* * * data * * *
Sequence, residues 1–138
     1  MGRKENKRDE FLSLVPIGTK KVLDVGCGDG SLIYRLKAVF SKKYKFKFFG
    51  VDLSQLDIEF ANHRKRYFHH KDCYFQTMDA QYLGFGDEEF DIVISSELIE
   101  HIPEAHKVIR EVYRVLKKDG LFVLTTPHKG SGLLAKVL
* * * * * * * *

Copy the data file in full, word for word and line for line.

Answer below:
Sequence, residues 1–138
     1  MGRKENKRDE FLSLVPIGTK KVLDVGCGDG SLIYRLKAVF SKKYKFKFFG
    51  VDLSQLDIEF ANHRKRYFHH KDCYFQTMDA QYLGFGDEEF DIVISSELIE
   101  HIPEAHKVIR EVYRVLKKDG LFVLTTPHKG SGLLAKVL